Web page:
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We’re all aware of how important parchment paper is to our baking and oven-roasting.
This heat-resistant, non-stick paper lines our baking trays and cake tins, providing a base that can be easily slid away from the metal housing, reducing burning, sticking and cutting down on the amount of washing up that needs to be done at the end of a lengthy dinner.
But that’s not the end of this unique paper’s versatility. It can also be used to roll dough, the non-stick surface preventing the tacky proto-bread from sticking to the surface. It can also stop food hardening to the metal pan, which will greatly impede its ability to conduct heat.
Parchment paper can also be used to cook poultry, vegetables and cakes or fashioned into storage pouches or used as display sheets.
Considering the list of things parchment paper is capable of, we’re not exactly making a case for replacing it, are we?
Having said that, there are some things that parchment paper is good at, but not great at. When it comes to freezing or cooking, other materials fare slightly better, even if they don’t have the broader range of attributes that parchment paper has.
We’re going to have a look at some of the other options you have for baking and see if they stand up against the mighty parchment as a reliable and effective alternative. However, first off, here’s an in-depth look into parchment paper and what exactly it has to offer.
What Is Parchment Paper?
Parchment paper owes its heat-resistant, water-resistant and non-slip properties to its silicone coating, which is available in a bleached and unbleached variety. It can be used for a diverse range of projects, including covering a workspace when rolling dough, displaying candies and cakes or rolling it up and filling with icing.
But one of its main uses is as an underlay that separates your raw foodstuffs from your oven or muffin tray to avoid it hardening to the pan. It will keep your cookware spick and span, simply throw away the disposable paper, brush the crumbs off your tray and place it back in the drawer.
You can purchase parchment paper either in one continuous roll or in square segments that will avoid jagged tear lines.
However, sometimes you might find yourself in the middle of an elaborate dinner without any parchment paper left and simply have no time to run to the store to buy some more. This is the time when you’ll be forced to find a suitable alternative. Here are some of the options that you might find lying around your kitchen and whether they will be suitable for your culinary requirements.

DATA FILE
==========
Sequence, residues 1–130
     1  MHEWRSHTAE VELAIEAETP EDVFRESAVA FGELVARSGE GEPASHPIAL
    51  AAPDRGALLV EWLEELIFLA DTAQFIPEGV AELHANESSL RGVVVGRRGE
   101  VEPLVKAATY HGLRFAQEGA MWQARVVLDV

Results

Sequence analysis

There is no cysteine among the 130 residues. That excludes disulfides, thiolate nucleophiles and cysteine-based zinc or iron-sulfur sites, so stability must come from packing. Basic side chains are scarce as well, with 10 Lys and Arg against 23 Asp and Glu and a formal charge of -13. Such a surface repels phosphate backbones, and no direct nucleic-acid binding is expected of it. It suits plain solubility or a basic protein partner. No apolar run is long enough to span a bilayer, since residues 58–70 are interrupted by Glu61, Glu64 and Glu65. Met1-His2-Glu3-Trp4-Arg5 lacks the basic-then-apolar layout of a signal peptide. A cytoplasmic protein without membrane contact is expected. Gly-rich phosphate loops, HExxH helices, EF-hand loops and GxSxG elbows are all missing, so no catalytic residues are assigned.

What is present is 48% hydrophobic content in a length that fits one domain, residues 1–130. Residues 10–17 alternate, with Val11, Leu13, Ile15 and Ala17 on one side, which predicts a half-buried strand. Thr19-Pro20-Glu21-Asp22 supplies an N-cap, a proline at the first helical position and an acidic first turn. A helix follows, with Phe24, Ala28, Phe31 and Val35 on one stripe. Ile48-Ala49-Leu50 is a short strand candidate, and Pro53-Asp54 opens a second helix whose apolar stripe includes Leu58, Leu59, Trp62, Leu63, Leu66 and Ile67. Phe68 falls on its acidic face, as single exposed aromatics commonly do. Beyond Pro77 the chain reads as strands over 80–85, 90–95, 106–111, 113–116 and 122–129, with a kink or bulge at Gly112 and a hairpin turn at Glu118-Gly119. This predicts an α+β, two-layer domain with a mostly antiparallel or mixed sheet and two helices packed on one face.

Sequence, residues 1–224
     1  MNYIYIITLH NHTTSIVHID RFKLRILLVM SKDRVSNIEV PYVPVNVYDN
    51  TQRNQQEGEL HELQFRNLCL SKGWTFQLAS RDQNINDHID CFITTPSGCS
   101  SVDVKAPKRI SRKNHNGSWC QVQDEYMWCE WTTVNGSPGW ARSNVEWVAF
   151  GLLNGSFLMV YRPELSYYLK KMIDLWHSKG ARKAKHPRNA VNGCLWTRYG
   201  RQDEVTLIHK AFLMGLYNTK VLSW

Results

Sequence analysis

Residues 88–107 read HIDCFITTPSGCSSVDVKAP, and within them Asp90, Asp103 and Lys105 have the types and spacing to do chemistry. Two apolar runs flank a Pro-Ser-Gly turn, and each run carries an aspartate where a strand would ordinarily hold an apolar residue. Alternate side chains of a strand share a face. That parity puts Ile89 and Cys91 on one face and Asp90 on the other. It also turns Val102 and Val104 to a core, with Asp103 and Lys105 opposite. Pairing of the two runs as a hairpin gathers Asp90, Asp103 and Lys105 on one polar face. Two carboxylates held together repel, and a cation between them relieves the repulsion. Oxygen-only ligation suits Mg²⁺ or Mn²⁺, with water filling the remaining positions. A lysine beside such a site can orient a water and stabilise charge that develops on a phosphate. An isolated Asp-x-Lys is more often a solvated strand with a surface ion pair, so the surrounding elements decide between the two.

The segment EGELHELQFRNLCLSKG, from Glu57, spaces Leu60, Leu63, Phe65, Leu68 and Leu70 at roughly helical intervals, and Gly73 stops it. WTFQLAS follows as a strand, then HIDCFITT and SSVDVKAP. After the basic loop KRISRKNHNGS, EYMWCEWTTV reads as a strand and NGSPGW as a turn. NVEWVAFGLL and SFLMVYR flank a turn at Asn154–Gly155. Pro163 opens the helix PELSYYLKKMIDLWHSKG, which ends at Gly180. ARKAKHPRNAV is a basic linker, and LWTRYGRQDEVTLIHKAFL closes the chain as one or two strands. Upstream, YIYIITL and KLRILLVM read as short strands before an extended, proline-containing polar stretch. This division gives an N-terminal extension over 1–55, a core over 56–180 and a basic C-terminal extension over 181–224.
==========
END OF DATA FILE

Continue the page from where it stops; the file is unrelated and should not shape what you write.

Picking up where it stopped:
Parchment Paper Substitutes
Wax paper is similar to parchment paper in that is it non-toxic, non-stick and water-resistant. This is probably the most inexpensive substitute for parchment, usually coming in segmented squares, rather than a continuous roll.
One of the ways in which wax paper is superlative to parchment paper is for display purposes. You can cover the display case of your deli or restaurant and is especially good for wrapping cakes and pastries before you hand them off to customers if you want to add that extra sophistication to the experience.
Wax paper would also be better to line dishes for food served in a restaurant. Due to its non-toxic properties, you won’t have to worry about ingesting it by mistake and having to call the emergency services.
Wax paper can also be reused, so if you are using it to transfer food from one surface to another, you can simply brush off the crumbs and save it for a later date, although you’ll probably only be able to get 2 or 3 uses out of it before it gets too soiled.
One way that wax paper is deficient is during oven baking, as the wax covering will simply melt or even catch fire when put under intense heat and pressure.
We’ve all heard of aluminum foil being used as a baking material, although this will depend on what you’re cooking. It conducts heat, so it makes the perfect lining for metal or ceramic cooking trays, saving you on washing up at the end of a meal.
However, unlike parchment and wax paper, aluminum foil has zero non-stick properties, meaning that you could find small pieces of silver foil stuck to your meat or vegetable dish after cooking.
But unlike parchment paper, aluminum foil’s heat-retaining properties are perfect for wrapping and steaming fish, meat and vegetables, resulting in much faster cooking time. Many recipes for roasted sweet potatoes involve wrapping the potato in foil and placing it in the oven so that it warms right through.
Foil also retains cold temperatures, so you can wrap up any leftovers and put them in the refrigerator to keep overnight.
Silpat Baking Mat
You may not have heard of this particular style of cooking material, as it is a lot more expensive than parchment or aluminum foil – that is a Silpat baking mat.
These mats are manufactured from flexible, heat-resistant silicone and have non-stick and wipe-down attributes. You can keep your baking mat for years if necessary and it will make a reliable backup if you are ever caught short of parchment paper.
On the downside, baking mats cannot be used to steam things or be funneled and used to squeeze out icing. Baking mats also come in one size, so they can’t be adapted like a roll of parchment or aluminum foil can.
Grease And Oil
When all else fails and you find yourself without any disposable or reusable cooking materials at all, you can always opt for the more traditional method of simply slicking your cooking tray with oil or grease.
You can even use a stick of butter to grease your tin, just make sure that every corner of your metal tray is covered, otherwise, you might find yourself chiseling off a particularly stubborn piece of blackened meat or fish at the end of your meal.